statsmodels.tsa.arima_model.ARIMAResults.plot_predict¶

ARIMAResults.
plot_predict
(start=None, end=None, exog=None, dynamic=False, alpha=0.05, plot_insample=True, ax=None)[source]¶ Plot forecasts
Parameters: start : int, str, or datetime
Zeroindexed observation number at which to start forecasting, ie., the first forecast is start. Can also be a date string to parse or a datetime type.
end : int, str, or datetime
Zeroindexed observation number at which to end forecasting, ie., the first forecast is start. Can also be a date string to parse or a datetime type. However, if the dates index does not have a fixed frequency, end must be an integer index if you want out of sample prediction.
exog : arraylike, optional
If the model is an ARMAX and outofsample forecasting is requested, exog must be given. Note that you’ll need to pass k_ar additional lags for any exogenous variables. E.g., if you fit an ARMAX(2, q) model and want to predict 5 steps, you need 7 observations to do this.
dynamic : bool, optional
The dynamic keyword affects insample prediction. If dynamic is False, then the insample lagged values are used for prediction. If dynamic is True, then insample forecasts are used in place of lagged dependent variables. The first forecasted value is start.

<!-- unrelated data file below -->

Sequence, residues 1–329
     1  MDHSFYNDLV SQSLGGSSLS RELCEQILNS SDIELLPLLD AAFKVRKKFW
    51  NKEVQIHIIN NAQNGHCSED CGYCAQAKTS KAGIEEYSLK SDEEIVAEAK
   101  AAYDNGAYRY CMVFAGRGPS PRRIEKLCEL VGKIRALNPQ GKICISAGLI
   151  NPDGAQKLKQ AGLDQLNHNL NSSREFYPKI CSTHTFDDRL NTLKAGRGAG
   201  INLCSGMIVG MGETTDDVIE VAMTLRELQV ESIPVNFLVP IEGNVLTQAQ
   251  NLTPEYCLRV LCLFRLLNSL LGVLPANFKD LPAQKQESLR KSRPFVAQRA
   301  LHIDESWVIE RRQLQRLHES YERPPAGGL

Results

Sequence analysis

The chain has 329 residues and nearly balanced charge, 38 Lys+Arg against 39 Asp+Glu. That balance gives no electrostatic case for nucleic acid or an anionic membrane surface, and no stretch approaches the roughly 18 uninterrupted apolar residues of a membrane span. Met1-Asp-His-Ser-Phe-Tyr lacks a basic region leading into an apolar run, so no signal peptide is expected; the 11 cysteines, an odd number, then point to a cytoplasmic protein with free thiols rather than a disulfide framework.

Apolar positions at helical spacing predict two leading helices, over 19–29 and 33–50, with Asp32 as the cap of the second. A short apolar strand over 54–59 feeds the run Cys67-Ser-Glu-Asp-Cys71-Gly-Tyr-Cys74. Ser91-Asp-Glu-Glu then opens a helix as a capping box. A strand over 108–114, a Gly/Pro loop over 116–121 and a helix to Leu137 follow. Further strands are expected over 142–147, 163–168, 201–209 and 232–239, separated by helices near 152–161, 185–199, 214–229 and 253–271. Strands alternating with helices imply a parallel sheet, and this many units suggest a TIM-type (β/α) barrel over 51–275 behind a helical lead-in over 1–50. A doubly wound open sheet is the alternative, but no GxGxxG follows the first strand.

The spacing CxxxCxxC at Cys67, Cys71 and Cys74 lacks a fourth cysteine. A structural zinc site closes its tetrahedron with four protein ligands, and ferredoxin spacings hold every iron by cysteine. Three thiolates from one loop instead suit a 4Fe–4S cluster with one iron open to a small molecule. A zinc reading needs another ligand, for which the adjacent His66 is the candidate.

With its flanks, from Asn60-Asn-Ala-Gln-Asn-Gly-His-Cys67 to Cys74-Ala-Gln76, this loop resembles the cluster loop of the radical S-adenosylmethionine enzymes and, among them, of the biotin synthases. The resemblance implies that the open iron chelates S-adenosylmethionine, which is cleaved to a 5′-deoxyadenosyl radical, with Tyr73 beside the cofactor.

alpha : float, optional
The confidence intervals for the forecasts are (1  alpha)%
plot_insample : bool, optional
Whether to plot the insample series. Default is True.
ax : matplotlib.Axes, optional
Existing axes to plot with.
Returns: fig : matplotlib.Figure
The plotted Figure instance
Notes
This is hardcoded to only allow plotting of the forecasts in levels. It is recommended to use dates with the timeseries models, as the below will probably make clear. However, if ARIMA is used without dates and/or start and end are given as indices, then these indices are in terms of the original, undifferenced series. Ie., given some undifferenced observations:
1970Q1, 1 1970Q2, 1.5 1970Q3, 1.25 1970Q4, 2.25 1971Q1, 1.2 1971Q2, 4.1
1970Q1 is observation 0 in the original series. However, if we fit an ARIMA(p,1,q) model then we lose this first observation through differencing. Therefore, the first observation we can forecast (if using exact MLE) is index 1. In the differenced series this is index 0, but we refer to it as 1 from the original series.
Examples
>>> import statsmodels.api as sm >>> import matplotlib.pyplot as plt >>> import pandas as pd >>> >>> dta = sm.datasets.sunspots.load_pandas().data[['SUNACTIVITY']] >>> dta.index = pd.DatetimeIndex(start='1700', end='2009', freq='A') >>> res = sm.tsa.ARMA(dta, (3, 0)).fit() >>> fig, ax = plt.subplots() >>> ax = dta.ix['1950':].plot(ax=ax) >>> fig = res.plot_predict('1990', '2012', dynamic=True, ax=ax, ... plot_insample=False) >>> plt.show()
(Source code, png, hires.png, pdf)